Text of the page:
Birds under treatment
Makar Sankranti is a traditional Hindu festival celebrated in most parts of India and Nepal in a myriad of cultural forms. In some parts of India it is observed with great fanfare over a period of 3-4 days. It is celebrated with distinct names and rituals in different parts of the country. For example, in the state of Gujarat it is known as Uttarayan and in Haryana, Himachal Pradesh and Punjab as Maghi. In Assam it is known as Bhogali Bihu. The kite festival of Uttarayan (Makar Sankranti) is regarded as one of the biggest festivals celebrated in western part of India.
Kite flying during Uttarayan is now celebrated as a regional event in Gujarat. It is declared as a public holiday for 2 days. People often have competitions (also known as kite fighting) during which competitors will entangle the thread used while flying kites in the sky and try to cut the string off of each other's kites by pulling it.
An abrasive thread (Manja) is used while flying kites to ensure cutting the competitors string during a kite fight. Manja is made by coating regular string in glass powder and gum. Thispractice of using an abrasive thread for kite fighting has posed a great threat to species including birds, fruit-bats, monkeys and even humans. The impact on birds however is much larger. Birds when in flight, fail to notice the fine glass-coated thread and get entangled in the Manja because of which they either get injured or killed.
There has been no systematic study to quantify the impact of bird kills due to kite flying. However, a rough estimate would suggest over 10,000 avian emergencies get attended during the month of January every year. The number of birds which get injured is much higher in urban areas due to higher density of kite flying. Often, kites after its line is cut off by an opponent, drifts and gets stuck in trees. The birds get entangled in these strings and get injured due to strangulation or in an attempt to set free. This is one of the biggest reasons why rescue calls of birds continue even after the festival is over.
These days cheaper and more durable “Chinese manjha” is available in the market which is made of nylon and is non-biodegradable. This thread unlike cotton manjha does not lose its strength even after getting wet and hence stays for a long time creating potential threat for the birds.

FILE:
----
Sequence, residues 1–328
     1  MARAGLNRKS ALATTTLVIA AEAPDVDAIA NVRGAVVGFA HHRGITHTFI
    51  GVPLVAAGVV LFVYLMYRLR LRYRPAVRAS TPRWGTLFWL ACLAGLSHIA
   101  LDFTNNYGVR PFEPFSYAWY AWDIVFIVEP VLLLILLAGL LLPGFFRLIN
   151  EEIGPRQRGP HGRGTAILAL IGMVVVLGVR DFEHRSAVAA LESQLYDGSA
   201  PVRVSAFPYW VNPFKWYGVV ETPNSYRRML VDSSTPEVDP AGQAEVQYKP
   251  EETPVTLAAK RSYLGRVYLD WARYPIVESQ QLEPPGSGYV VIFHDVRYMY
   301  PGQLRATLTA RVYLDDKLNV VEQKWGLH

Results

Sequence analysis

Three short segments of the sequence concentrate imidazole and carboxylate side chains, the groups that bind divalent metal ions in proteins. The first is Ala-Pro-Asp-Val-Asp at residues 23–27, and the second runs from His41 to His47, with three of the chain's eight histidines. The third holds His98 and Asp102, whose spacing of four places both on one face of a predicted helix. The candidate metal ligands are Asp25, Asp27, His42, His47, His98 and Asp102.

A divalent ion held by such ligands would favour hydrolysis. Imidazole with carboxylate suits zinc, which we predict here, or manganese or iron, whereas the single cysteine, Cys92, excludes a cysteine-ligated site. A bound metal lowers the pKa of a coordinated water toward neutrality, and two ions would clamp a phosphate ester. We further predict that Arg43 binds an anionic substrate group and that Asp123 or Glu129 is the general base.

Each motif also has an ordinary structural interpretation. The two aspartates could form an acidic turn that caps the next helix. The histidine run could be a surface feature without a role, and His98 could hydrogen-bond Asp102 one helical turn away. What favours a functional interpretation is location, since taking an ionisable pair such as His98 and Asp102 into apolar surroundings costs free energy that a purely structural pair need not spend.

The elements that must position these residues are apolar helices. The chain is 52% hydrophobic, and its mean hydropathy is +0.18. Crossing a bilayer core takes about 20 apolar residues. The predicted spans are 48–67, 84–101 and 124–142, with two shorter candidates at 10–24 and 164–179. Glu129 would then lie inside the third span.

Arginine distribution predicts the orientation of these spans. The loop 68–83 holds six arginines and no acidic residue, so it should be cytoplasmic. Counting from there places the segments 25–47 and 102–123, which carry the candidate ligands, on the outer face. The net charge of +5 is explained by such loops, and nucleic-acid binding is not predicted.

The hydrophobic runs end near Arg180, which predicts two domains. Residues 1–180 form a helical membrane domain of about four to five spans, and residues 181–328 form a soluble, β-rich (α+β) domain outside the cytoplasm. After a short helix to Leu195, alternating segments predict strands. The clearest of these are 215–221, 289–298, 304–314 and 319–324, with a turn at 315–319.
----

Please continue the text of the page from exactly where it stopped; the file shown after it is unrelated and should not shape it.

In order to address this, a workshop on handling avian emergencies during the kite flying festival was held in Ahmedabad. It involved representatives from all over Gujarat and also from the neighbouring state of Rajasthan where kite flying is considered as an important sport. One city in Gujarat, Bhavnagar, was found to have an acute shortage of veterinarians to treat the injured birds. The project team visited Bhavnagar to assess the facilities there. The city was unique in the way that it had large colonies of painted storks right in its centre. It also has a reserve forest area (Victoria Park) within the city limits with a pond where a number of wetland bird species can be seen. Victoria Park also had an aviary where injured birds could be easily housed. In spite of having a good infrastructure at their disposal, the shortage of avian vets and proper technical guidance affected their release percentage.
Essential supplies like suture materials, surgical tools, medicines etc were also procured. The facilities at a local animal shelter were examined and suggestions were made to them to help better their capacity to respond to injured birds. A meeting was held by the forest department along with the animal husbandry department and all the local organizations and volunteers from all over Bhavnagar district to discuss about the way rescues were to be conducted. First aid kits were distributed to all the volunteers after the meeting.
Mass awareness campaigns were also held in schools and colleges in Bhavnagar and students were urged to not use glass coated strings to fly kites. Volunteers and rescue teams patrolled Bhavnagar bringing in injured birds. Locals in Bhavnagar also rescued injured birds and admitted them to the facility for further treatment and care. All the birds brought in were recorded in a register maintained by the Forest Department and a bright coloured numbered tag was applied on every bird that was brought in. Most of the birds brought in for treatment had severely mutilated wing muscles and some were also presented with fractured bones. Vets attended to these birds and surgically repaired the injuries. The bird species found injured included comb duck, painted stork, black ibis, great white pelican, myna, francolin, black drongo, rose ringed parakeet, blue-rock pigeon, and house sparrow.
The birds were then shifted to the Forest Department aviary in Victoria Park where they were fed. Wounds were dressed regularly and wounds were re-bandaged promptly when the birds loosened their bandages. Those birds which had suffered minor injuries and were found fit upon physical examination were released in the Krishnakunj lake within Victoria park. This helped relieve the birds of undue stress of captivity and ensured adequate self feeding in natural conditions. This also helped prevent unnecessary injury to the weaker birds by the healthier dominant birds.
The rest of the birds were kept in the rehab facility till they were found fit for release. Feeding and wound dressing was taken care of by the volunteers and the Forest Department from thereafter. Those birds which could not fly again were released in Krishnakunj Lake after their wounds healed.
Over a 120 birds were treated in total.
The kite flying festival continues to threaten birds across a lot of Western India and more efforts like the one above along with sustained awareness programmes will continue in order to curb this issue.
Bird being treated for kite string injury
Black Ibis being released
Birds being released at the lake